Occupy Oakland encampment must go, four city council members say

Four city council members calling for removal of Occupy Oakland encampment

Four Oakland City Council members will call for the immediate removal of the Occupy Oakland encampment today.

Council President Larry Reid will join council members Ignacio De La Fuente, Desley Brooks and Libby Schaaf at a news conference this afternoon to call for the ongoing Occupy Oakland encampment to be removed from Frank Ogawa Plaza, where the protesters have been camping since Oct. 10.

“To me, immediately means as soon as practical,” Schaaf said today.

She said she would defer to the city administrator to determine the best way to remove the encampment.

“Obviously we all want this resolved peacefully and productively,” she said, “But we are trying to make a strong statement today that the lawlessness will not be tolerated.”

Schaaf said that recent incidents such as a turbulent protest that followed a daylong “general strike” in Oakland on Nov. 2 have hurt downtown businesses with vandalism.

Police forcibly removed the encampment the morning of Oct. 25, but after confrontations with protesters seeking to return to the plaza that night drew international media attention, police presence at the plaza was withdrawn, and protesters returned the next day.

Paul Junge and Joseph Haraburda of the Oakland Metropolitan Chamber of Commerce are also expected to attend today’s news conference, according to Claudia Burgos, a spokeswoman for De La Fuente.

Haraburda and Junge have been increasingly critical of Mayor Jean Quan’s response to the protests since protesters returned to the plaza, saying that the continued encampment is hurting the business community and calling on the mayor to reach a peaceful resolution with protesters quickly.

On Tuesday, Quan issued a statement asking protesters to appoint an spokesperson to negotiate with city officials for the removal of the camp. Quan said several protesters have come forward in recent weeks, but none has been officially chosen by Occupy Oakland to act as a liaison.

Meanwhile, the city administrator’s office released a statement Tuesday outlining continued health and safety issues it said are persistent in the camp. It said that the Oakland Fire Department responded to two fires overnight, and that protesters had been hostile to firefighters trying to enter the camp.

The statement also said graffiti, vandalism and sanitation continue to be problems.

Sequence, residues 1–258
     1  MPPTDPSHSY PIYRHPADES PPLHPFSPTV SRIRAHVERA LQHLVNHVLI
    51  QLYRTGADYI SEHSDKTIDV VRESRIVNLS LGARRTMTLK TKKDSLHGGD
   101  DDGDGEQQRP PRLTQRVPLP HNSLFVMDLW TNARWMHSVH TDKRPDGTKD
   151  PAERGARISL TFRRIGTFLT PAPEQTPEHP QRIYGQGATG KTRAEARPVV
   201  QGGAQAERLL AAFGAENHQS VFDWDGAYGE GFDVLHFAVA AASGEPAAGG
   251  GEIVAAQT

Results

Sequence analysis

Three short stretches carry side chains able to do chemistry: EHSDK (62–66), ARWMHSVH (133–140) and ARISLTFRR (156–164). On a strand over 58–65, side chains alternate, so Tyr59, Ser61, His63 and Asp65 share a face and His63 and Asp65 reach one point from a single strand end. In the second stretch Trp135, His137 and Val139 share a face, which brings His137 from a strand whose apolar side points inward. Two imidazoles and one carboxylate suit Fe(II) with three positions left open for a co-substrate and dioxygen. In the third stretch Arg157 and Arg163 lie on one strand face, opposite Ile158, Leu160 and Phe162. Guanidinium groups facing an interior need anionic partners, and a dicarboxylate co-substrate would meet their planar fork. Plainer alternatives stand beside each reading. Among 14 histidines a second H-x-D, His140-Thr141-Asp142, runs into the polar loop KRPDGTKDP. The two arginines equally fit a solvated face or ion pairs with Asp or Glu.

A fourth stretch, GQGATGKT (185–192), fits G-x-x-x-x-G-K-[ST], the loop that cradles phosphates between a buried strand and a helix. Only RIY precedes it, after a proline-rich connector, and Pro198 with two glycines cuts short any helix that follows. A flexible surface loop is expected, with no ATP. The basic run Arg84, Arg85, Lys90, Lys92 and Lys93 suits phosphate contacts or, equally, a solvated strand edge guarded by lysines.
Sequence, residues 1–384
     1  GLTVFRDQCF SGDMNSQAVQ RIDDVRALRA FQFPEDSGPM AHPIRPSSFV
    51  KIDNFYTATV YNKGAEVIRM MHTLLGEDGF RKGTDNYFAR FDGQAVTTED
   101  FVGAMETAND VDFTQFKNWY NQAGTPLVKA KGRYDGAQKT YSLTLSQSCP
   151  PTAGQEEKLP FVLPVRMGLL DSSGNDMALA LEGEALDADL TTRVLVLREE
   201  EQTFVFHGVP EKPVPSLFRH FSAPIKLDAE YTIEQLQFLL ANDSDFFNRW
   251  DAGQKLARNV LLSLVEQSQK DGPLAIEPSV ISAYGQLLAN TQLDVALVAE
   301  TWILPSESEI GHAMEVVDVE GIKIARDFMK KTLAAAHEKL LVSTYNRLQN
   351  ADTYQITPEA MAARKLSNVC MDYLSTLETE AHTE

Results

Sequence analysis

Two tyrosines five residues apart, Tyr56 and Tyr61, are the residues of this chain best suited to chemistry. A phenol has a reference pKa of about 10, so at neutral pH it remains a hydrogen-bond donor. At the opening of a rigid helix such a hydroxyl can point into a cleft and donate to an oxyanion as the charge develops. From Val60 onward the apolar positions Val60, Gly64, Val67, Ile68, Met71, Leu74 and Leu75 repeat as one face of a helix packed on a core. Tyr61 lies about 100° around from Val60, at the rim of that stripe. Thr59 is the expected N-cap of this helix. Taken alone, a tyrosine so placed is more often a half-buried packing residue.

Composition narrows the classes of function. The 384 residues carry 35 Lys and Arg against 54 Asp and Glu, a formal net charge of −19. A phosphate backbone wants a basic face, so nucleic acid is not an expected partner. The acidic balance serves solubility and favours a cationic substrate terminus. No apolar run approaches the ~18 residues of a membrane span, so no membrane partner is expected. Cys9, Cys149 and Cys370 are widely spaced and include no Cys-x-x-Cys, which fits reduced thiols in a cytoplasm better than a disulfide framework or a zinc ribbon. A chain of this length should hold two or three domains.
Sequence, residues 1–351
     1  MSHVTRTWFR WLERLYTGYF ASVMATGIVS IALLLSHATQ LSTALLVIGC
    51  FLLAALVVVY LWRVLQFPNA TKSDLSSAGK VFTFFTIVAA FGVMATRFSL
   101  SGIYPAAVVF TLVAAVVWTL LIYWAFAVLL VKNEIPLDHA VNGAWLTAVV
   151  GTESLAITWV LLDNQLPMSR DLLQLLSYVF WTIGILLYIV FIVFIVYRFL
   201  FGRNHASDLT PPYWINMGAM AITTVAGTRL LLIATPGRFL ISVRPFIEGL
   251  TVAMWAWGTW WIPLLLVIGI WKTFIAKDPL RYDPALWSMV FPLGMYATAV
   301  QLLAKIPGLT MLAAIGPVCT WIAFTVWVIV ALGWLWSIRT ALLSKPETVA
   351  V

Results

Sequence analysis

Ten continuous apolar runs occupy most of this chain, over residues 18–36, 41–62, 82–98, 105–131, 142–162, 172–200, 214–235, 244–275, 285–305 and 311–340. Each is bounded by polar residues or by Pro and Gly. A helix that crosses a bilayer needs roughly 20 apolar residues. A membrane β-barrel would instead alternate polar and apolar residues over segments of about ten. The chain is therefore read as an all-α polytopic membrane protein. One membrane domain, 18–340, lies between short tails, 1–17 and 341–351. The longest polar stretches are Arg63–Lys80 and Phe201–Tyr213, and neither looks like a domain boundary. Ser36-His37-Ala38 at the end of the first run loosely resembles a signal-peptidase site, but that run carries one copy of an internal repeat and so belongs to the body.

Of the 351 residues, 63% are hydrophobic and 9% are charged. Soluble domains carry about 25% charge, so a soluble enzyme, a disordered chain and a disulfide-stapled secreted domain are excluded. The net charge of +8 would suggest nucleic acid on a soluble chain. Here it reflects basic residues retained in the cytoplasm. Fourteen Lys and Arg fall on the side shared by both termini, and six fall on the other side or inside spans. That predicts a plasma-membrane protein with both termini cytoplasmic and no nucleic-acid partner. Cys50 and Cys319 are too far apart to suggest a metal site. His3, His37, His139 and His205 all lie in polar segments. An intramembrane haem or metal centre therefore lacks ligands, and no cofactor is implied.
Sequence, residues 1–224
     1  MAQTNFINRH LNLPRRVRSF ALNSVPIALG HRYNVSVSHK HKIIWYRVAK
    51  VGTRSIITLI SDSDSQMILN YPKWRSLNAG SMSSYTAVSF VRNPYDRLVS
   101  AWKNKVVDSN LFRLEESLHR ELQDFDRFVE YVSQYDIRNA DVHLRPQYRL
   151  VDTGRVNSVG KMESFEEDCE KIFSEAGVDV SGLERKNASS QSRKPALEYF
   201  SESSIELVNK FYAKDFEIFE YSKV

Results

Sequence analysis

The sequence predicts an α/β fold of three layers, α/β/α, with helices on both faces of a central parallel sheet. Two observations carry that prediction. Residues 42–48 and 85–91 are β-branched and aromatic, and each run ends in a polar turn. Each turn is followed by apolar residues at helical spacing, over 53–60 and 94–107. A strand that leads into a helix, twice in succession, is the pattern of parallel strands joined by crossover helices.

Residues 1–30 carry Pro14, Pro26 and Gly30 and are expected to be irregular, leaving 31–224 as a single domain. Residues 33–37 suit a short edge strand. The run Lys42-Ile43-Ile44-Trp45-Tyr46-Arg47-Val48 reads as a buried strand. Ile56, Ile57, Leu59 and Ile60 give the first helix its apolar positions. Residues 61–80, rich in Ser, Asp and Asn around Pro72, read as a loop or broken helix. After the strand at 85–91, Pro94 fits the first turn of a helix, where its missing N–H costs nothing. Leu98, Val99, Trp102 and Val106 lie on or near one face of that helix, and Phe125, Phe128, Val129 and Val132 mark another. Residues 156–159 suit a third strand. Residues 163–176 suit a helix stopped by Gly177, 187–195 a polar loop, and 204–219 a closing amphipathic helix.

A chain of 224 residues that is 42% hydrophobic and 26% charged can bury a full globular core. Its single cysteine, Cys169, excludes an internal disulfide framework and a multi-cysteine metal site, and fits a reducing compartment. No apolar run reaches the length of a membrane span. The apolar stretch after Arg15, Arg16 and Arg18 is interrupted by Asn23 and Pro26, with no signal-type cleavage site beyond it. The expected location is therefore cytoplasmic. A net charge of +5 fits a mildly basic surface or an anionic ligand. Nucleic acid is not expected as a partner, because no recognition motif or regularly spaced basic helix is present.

Occupy Oakland protester Kevin Seal said today that he has not heard of any progress toward appointing a spokesperson to negotiate with city officials. He said that because of the nature of the Occupy protests, there are no official representatives.

Seal also disputed the allegations that the encampment is hurting downtown businesses.

“We’re finding the businesses around the encampment are actually doing better business than before we got there,” Seal said.

He added that most businesses that are part of the Chamber of Commerce are not downtown near the encampment.

“I think it’s telling that this press conference today is at the Lake Merritt bandstand and not anywhere near 12th and Broadway,” Seal said.

He also said that a heavy police response could be responsible for any decline in business in the downtown area.

“If people are scared to come to downtown Oakland, they’re scared of being shot at by police,” Seal said.

Seal said protesters are working to improve health and safety conditions at the camp, and that they are taking responsibility for keeping the camp clean and safe.

“It seemed cleaner yesterday than I’ve ever seen it before,” he said.

He added that protesters have been maintaining portable toilets and have added more fire extinguishers to the camp.

San Francisco needs to plan for 80,000 homes. Where will they go?

West side neighborhoods could be transformed by the ‘Housing Element’

Niners vs. Rams: It’s like fighting your little brother

These two teams know each other well. And they look alike, too

What happens when a pandemic becomes endemic? S.F.’s top health official weighs in

Dr. Susan Philip envisions a city that will manage this ongoing disease